Mathematical Geology

, Volume 37, Issue 8, pp 915–927 | Cite as

Multifractal Distribution of Eigenvalues and Eigenvectors from 2D Multiplicative Cascade Multifractal Fields

  • Qiuming Cheng


Two-dimensional fields (maps) generated by isotropic and anisotropic multiplicative cascade multifractal processes are common in many fields including oceans, atmosphere, the climate and solid earth geophysics. Modeling the anisotropic scaling property and heterogeneity of these types of fields are essential for understanding the underlying processes. The paper explicitly derives the eigenvalues and eigenvectors from these types of fields and proves that the eigenvalues and eigenvectors are described by non-conservative multifractal distributions. This results in a new multifractal model implemented in eigen domain to characterize 2D fields not only with respect to overall heterogeneity and singularity as characterized by the ordinary multifractal model applied to the field itself, but also with respect to orientational heterogeneity of the field. It may also result in a new way to characterize the distribution of extreme large eigenvalues involved in other studies such as principal component analysis. A newly defined operator and its properties as derived in this paper may be useful for studying other types of multifractal cascade processes.

Key Words

non-conservative multifractal eigen domain eigenvalues eigenvectors multiplicative cascade process 


Unable to display preview. Download preview PDF.

Unable to display preview. Download preview PDF.


  1. Badii, R., and Politi, A., 1984, Hausdorff dimension and uniformity of strange attractors: Phys. Rev. Lett., v. 52, p. 1661–1664.CrossRefGoogle Scholar
  2. Badii, R., and Politi, A., 1985, Statistical description of chaotic attractors: The dimension function: J. Stat. Phys., v. 40, p. 725–750.Google Scholar
  3. Cheng, Q., 2004, A new model for quantifying anisotropic scale invariance and for decomposition of mixing patterns: Math. Geol., v. 36, no. 3, p. 345–360.CrossRefGoogle Scholar
  4. Cheng, Q., 1997, Discrete multifractals: Math. Geol., v. 29, no. 2, p. 245–266.Google Scholar
  5. Cheng, Q., 1999a, Multifractality and spatial statistics: Computers & Geosciences, v. 25, no. 10, p. 949–961.Google Scholar
  6. Cheng, Q., 1999b, The gliding box method for multifractal modeling: Computers & Geosciences, v. 25, no. 10, p. 1073–1079.Google Scholar
  7. Cheng, Q., Xu, Y., and Grunsky, E., 2001, Multifractal power spectrum-area method for geochemical anomaly separation: Nat. Resour. Res., v. 9, no.1, p. 43–51.Google Scholar
  8. Cheng, Q., Xu, Y., and Grunsky, E., 1999, Integrated spatial and spectrum analysis for geochemical anomaly separation, in Lippard, J. L., Naess, A., and Sinding-Larsen, R., eds., Proceedings of International Association for Mathematical Geology Meeting, Tapir, Trondheim, Norway I, p. 87–92.Google Scholar
  9. Cheng, Q., Agterberg, F. P., and Ballantyne, S. B., 1994, The separation of geochemical anomalies from background by fractal methods: J. Geochem. Explor. v. 51, no. 2, p. 109–130.CrossRefGoogle Scholar
  10. Chhabra, A. B., and Sreenivasan, K. R., 1991, Negative dimensions: theory, computation and experiment: Phys. Rev. A, v. 43, no. 2, p. 1114–1117.CrossRefGoogle Scholar
  11. Evertsz, C. J. G., and Mandelbrot, B. B., 1992, Multifrtactal measures, in Peitgen, H.-O., Jürgens, H., Saupe, D., eds., Chaos and Fractals, Springer-Verlag, New York, p. 922–953.Google Scholar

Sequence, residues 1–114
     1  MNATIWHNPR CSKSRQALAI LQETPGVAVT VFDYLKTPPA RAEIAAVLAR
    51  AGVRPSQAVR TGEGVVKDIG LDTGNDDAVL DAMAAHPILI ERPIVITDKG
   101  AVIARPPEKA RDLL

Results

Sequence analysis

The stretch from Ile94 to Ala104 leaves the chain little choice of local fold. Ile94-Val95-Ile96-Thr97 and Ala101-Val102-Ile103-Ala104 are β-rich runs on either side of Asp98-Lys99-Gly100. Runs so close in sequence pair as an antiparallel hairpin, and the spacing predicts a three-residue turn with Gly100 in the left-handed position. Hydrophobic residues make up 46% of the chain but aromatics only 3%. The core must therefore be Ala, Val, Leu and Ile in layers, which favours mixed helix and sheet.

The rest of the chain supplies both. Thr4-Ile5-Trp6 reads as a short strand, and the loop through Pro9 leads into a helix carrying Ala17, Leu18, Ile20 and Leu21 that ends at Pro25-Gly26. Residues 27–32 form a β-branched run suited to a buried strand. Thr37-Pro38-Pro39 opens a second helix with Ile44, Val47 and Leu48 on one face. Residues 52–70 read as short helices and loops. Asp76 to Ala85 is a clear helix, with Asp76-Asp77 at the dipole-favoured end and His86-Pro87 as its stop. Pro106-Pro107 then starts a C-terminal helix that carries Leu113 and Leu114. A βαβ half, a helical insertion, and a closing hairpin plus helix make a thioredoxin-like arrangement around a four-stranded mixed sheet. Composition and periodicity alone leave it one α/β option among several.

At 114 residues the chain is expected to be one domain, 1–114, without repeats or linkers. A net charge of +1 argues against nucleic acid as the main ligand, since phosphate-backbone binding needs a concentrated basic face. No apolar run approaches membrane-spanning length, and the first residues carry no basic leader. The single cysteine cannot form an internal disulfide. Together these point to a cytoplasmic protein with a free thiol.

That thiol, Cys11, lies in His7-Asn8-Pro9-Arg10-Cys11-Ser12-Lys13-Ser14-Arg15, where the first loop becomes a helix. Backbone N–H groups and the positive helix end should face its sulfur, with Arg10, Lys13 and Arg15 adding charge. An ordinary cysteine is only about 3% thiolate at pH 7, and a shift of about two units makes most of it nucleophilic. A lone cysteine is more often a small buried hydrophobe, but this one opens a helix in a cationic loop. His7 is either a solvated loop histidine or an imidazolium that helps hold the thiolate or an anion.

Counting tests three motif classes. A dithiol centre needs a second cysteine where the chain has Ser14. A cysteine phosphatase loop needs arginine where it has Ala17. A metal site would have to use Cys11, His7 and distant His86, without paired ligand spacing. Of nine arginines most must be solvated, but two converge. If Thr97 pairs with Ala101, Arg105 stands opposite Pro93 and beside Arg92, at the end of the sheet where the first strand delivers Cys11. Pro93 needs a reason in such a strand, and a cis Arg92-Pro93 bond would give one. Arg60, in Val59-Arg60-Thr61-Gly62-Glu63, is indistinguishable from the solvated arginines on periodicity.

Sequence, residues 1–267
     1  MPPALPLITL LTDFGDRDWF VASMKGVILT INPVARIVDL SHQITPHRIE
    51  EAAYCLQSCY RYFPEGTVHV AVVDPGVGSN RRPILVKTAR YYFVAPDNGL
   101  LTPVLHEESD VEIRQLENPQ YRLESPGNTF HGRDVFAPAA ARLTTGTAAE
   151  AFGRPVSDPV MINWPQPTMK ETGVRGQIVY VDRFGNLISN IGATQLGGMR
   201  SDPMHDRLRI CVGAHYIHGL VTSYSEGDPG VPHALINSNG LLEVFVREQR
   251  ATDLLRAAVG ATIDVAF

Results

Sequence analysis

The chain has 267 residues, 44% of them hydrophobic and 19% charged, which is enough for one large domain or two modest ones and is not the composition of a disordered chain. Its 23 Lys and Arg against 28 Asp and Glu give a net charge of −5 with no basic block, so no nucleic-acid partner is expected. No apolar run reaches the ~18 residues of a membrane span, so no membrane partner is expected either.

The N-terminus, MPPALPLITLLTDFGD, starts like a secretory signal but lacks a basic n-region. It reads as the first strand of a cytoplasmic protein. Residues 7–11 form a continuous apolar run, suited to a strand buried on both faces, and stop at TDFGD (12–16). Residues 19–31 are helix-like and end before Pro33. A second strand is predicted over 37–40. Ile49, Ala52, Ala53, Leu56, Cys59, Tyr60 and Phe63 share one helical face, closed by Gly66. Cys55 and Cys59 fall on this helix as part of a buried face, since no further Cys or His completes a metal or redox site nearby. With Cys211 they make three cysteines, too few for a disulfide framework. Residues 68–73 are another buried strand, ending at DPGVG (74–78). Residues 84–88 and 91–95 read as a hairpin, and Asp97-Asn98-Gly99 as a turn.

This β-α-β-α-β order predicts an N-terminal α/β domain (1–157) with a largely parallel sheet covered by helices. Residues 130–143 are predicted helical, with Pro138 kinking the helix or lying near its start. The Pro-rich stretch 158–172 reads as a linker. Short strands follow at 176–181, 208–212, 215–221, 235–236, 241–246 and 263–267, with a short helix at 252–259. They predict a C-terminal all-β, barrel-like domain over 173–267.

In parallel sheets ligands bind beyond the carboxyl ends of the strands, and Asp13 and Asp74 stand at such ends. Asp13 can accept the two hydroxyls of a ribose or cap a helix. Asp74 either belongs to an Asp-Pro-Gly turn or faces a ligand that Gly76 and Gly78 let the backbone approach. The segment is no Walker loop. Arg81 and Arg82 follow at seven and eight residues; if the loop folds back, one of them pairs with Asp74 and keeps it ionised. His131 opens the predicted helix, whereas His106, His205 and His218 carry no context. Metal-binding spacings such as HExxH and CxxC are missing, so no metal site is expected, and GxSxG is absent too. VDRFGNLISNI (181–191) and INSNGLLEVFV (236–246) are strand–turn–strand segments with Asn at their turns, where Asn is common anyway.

12. Feder, J., 1988, Fractals, Plenum Press, New York, 283 p.Google Scholar
  13. Frisch, U., and Parisi, G., 1985, On the singularity structure of fully developed turbulence, in Ghil, M., Benzi, R., and Parisi, G., eds., Turbulence and Predictability in Geophysical Fluid Dynamics and Climate Dynamics, North-Holland, New York, p. 84–88.Google Scholar
  14. Grassberger, P., 1983, Generalized dimensions of strange attractors: Phys. Lett. A, v. 97, p. 227–230.Google Scholar
  15. Halsey, T. C., Jensen, M. H., Kadanoff, L. P., Procaccia, I., and Shraiman, B. I., 1986, Fractal measures and their singularities: The characterization of strange sets: Phys. Rev. A, v. 33, no. 2, p. 1141–1151.CrossRefGoogle Scholar
  16. Hentschel, H. G. E., and Procaccia, I., 1983, The infinite number of generalized dimensions of fractals and strange attractors: Physica, v. 8, p. 435–444.Google Scholar
  17. Li, Q., and Cheng, Q., 2004, Fractal singular-value (eigen-value) decomposition method for geophysical and geochemical anomaly reconstruction, Earth Science, a Journal of China University of Geosciences, v. 29, no. 1, p. 109–118 (in Chinese with English Abstract).Google Scholar
  18. Mandelbrot, B. B., 1972, Possible refinement of the lognormal hypothesis concerning the distribution of energy dissipation in intermittent turbulence, in Rosenblatt, M., Van Atta, C., eds., Statistical Models and Turbulence, Lecture Notes in Physics 12, Springer, New York, p. 333–351.Google Scholar
  19. Mandelbrot, B. B., 1974, Intermittent turbulence in self-similar cascades: Divergence of high moments and dimension of the carrier: J. Fluid Mech., v. 62, p. 331–358.Google Scholar
  20. Paladin, G., and Vulpiani, A., 1987, Anomalous scaling laws in multifractal objects: Phys. Rep., v. 156, no. 4, p. 147–225.CrossRefGoogle Scholar
  21. Schertzer, D., and Lovejoy, S., eds., 1991: Nonlinear Variability in Geophysics: Kluwer Academic Publisher, Dordrecht, The Netherlands, 318 p.Google Scholar

Copyright information

© International Association for Mathematical Geology 2005

Authors and Affiliations

  1. 1.State Key Lab of Geological Processes and Mineral ResourcesChina University of GeosciencesChina
  2. 2.Department of Earth and Space Science and Engineering, Department of GeographyYork UniversityTorontoCanada

Personalised recommendations